SEC and Others Fear Hedge-Fund Strategy May Subvert Elections

Discussion in 'Wall St. News' started by loufah, Jan 26, 2007.


    SEC and Others Fear Hedge-Fund Strategy May Subvert Elections

    Private investment firms have found a simple way to profit from the workings of public companies: Borrow their shares, and then swing the outcomes of their votes.

    In some cases, the strategy has allowed speculators to gamble that a company's stock will drop, and then vote for decisions that will ensure that it does -- without their ever having to own any stock themselves. Some outside interests have used the strategy to hide their voting power within a company until the last moment. Often, individual shareholders don't realize their own stocks, and their voting rights, have been borrowed from their brokerage accounts, until it's too late.

    Fueling the practice -- dubbed "empty voting" in a study by two University of Texas professors -- is a booming business in lending shares.

    Vote counters often fail to keep track accurately and let the borrowers and owners of the same shares both cast votes. Four big banks paid the New York Stock Exchange $2.35 million last year to settle charges in this area. Meanwhile, other shareholders often are unaware that a big voting bloc has no real ownership stake in the company -- and that it may vote directly opposite the wishes of the stock's actual owners.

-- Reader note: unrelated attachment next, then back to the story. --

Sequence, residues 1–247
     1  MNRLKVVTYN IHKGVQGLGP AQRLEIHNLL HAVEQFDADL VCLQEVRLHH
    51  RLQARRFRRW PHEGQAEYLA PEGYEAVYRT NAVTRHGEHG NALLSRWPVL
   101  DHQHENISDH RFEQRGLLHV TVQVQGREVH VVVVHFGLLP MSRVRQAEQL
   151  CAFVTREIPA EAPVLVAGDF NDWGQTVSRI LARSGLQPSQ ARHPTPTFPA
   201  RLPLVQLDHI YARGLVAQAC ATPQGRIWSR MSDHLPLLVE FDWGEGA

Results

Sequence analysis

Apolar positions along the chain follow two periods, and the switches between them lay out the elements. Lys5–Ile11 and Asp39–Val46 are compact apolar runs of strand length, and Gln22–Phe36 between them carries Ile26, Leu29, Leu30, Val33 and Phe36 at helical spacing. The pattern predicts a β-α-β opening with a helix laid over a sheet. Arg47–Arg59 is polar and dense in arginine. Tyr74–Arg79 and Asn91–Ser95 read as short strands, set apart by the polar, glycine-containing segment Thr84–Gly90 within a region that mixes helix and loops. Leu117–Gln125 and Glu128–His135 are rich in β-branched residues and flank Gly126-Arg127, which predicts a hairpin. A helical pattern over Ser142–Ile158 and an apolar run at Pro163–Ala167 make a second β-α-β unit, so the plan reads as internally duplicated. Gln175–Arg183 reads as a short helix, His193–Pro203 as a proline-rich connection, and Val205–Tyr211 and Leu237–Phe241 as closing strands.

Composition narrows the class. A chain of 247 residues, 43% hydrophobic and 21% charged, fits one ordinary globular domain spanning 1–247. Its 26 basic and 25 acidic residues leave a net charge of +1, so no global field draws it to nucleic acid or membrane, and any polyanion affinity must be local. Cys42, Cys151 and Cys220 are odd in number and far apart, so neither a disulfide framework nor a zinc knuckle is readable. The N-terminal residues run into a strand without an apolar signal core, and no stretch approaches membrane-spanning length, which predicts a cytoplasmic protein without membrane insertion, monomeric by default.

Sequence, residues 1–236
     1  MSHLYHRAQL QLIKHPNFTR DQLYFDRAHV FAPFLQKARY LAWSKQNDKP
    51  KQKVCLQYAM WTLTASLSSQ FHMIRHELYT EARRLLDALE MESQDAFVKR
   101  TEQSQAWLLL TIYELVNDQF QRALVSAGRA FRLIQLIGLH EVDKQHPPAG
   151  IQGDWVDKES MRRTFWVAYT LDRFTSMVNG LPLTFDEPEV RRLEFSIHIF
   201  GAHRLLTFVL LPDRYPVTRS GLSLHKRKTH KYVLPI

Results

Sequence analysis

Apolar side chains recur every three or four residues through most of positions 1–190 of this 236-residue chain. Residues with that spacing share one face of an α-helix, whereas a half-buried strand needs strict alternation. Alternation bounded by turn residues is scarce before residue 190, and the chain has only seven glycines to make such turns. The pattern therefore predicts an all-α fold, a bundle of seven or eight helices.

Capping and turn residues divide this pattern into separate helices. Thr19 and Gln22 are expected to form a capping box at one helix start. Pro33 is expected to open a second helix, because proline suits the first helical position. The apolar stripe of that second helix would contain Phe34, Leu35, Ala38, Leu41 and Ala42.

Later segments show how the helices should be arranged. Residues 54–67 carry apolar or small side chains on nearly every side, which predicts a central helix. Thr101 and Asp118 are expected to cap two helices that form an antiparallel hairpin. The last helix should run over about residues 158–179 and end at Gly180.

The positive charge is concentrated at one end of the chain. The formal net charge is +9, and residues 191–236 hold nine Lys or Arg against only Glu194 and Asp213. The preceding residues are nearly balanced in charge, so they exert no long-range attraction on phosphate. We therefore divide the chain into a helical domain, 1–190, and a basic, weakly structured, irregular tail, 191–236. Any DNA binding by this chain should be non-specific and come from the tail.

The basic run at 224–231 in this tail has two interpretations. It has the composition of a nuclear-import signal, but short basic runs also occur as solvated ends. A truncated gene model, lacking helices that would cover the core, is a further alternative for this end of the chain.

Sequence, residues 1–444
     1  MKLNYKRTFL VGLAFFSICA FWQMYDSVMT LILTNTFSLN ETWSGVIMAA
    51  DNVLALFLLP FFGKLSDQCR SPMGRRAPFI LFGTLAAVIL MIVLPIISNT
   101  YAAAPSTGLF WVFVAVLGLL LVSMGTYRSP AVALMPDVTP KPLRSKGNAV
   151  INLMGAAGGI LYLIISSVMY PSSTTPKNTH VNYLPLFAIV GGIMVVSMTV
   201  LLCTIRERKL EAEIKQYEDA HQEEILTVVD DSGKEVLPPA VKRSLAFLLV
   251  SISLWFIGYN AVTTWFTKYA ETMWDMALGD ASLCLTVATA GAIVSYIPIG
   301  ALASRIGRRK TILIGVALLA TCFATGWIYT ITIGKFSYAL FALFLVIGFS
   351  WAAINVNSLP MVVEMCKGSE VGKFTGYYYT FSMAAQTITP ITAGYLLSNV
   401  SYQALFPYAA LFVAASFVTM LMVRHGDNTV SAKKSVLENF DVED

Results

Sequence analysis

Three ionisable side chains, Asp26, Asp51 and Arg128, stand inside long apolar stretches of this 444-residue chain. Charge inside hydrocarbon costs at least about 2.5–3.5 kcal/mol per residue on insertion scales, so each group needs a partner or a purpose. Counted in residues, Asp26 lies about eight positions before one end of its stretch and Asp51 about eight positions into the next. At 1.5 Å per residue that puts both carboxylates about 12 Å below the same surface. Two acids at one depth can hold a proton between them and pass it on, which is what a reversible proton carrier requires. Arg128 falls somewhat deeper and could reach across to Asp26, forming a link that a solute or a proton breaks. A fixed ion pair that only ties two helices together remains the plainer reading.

This phenomenon has gotten the attention of regulators, who fear it is escalating just as shareholder voting is gaining importance as a way to improve corporate governance and keep management excesses in check. If elections can be too easily gamed, critics fear, a basic foundation of public companies -- that shareholders vote in the company's best interest -- will be undermined.
  2. Stock exchange collects a fine they are making money, brokers make money lending, the hedge funds are making money. SNAFU.

    What's up with this voting crap?